Cook Islanders are Polynesians. Ethnic groups in the 2001 census were: Cook Island Maori, 87.7 percent; part Cook Island Maori, 5.8 percent; other, 6.5 percent. Cook Island Maori belongs to the family of Oceanic languages, a sub-branch of the Austronesian language family. English is the official language while Cook Island Maori is also in use. Among the best educated of the South Pacific Islanders, most Cook Islanders are bilingual, and literate in both languages.
The London Missionary Society introduced Christianity to the Cooks in the early 1800s. In the 1970s, the Cook Islands Christian Church was formed from the London Missionary Society. Cook Islands Christian Church claims 55.9 percent of the population; Roman Catholic Church 16.8 percent; Seventh-day Adventists 7.9 percent; Church of Latter Day Saints 3.8 percent; other Protestant 5.8 percent; other religions 4.2 percent; unspecified 2.6 percent; and three percent say they have no religion.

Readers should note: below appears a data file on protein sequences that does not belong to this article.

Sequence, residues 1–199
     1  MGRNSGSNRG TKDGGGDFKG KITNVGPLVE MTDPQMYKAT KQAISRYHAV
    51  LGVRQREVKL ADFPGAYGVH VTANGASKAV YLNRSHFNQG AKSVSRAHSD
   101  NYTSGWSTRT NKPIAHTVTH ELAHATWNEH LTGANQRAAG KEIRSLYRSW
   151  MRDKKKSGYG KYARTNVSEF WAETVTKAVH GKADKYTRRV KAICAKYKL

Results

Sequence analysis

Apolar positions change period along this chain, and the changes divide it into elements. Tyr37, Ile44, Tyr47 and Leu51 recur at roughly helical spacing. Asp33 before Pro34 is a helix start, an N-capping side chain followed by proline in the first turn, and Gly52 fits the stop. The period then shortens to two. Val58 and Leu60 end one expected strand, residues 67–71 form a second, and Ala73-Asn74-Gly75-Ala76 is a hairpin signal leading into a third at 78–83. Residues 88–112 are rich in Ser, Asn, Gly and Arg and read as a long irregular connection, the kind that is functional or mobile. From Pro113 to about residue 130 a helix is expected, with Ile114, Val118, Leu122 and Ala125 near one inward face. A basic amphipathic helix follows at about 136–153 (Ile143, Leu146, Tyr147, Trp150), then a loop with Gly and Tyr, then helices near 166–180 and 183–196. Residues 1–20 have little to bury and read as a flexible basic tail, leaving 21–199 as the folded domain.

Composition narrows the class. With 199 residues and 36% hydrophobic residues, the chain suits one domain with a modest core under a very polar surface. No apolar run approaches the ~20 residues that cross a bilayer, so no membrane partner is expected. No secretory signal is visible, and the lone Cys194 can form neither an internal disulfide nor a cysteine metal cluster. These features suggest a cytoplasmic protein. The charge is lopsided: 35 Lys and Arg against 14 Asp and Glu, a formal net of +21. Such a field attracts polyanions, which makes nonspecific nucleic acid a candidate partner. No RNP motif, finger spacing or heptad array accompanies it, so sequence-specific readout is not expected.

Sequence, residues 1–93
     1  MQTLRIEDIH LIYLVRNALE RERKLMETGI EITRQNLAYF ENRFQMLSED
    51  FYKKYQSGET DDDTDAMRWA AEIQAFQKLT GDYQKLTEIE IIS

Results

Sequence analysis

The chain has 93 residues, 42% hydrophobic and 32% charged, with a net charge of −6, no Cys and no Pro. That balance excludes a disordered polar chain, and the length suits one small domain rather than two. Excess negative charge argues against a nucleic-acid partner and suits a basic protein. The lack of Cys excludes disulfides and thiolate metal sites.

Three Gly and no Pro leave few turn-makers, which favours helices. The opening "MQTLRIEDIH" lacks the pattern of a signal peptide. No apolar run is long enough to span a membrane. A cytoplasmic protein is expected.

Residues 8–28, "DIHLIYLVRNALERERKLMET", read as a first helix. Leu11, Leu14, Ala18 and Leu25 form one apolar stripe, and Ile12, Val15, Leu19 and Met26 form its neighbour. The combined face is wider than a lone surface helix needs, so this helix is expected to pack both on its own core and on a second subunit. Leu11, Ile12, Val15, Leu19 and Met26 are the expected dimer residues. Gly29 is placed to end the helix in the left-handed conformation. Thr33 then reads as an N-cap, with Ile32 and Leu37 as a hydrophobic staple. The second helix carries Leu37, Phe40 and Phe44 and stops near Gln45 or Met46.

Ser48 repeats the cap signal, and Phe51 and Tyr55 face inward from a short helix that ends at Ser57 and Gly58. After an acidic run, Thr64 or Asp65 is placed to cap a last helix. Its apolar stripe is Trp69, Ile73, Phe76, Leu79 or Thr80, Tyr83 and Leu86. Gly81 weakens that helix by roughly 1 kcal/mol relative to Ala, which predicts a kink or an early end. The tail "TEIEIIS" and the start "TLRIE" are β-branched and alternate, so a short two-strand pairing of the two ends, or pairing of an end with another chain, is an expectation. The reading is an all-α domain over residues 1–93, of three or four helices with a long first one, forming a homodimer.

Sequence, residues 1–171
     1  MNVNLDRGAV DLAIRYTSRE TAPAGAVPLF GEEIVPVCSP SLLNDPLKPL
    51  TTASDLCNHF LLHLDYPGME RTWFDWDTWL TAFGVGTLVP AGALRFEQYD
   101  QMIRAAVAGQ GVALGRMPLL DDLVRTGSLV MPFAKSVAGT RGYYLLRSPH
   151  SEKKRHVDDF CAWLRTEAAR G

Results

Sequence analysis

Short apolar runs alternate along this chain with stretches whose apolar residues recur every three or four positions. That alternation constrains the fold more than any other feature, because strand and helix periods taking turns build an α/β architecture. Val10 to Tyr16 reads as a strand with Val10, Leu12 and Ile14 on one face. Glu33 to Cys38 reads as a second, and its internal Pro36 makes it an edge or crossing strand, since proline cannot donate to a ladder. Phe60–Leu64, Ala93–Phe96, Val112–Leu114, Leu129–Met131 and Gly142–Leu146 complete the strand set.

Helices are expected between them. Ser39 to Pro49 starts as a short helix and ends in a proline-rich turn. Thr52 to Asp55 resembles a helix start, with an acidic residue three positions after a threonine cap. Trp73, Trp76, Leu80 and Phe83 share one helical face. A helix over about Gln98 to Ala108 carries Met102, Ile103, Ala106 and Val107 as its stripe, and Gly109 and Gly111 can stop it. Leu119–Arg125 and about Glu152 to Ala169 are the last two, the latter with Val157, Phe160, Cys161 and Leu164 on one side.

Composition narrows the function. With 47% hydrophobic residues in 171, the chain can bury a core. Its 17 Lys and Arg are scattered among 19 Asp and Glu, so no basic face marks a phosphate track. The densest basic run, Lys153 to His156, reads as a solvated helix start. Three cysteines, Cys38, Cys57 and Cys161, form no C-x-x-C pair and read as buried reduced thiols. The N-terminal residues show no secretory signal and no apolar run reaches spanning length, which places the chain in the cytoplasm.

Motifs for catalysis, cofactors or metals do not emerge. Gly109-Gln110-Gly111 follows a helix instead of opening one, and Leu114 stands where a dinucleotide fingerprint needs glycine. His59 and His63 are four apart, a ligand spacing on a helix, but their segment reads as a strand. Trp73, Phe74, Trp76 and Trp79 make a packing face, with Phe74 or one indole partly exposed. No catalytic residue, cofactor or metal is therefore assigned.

The languages of the Cook Islands include English, Cook Islands Māori, or "Rarotongan," and Pukapukan. Dialects of Cook Islands Maori include Penrhyn; Rakahanga-Manihiki; the Ngaputoru dialect of Atiu, Mitiaro, and Mauke; the Aitutaki dialect; and the Mangaian dialect. Cook Islands Maori and its dialectic variants are closely related to both Tahitian and to New Zealand Māori. Pukapukan is considered closely related to the Samoan language. English and Cook Islands Maori are official languages of the Cook Islands.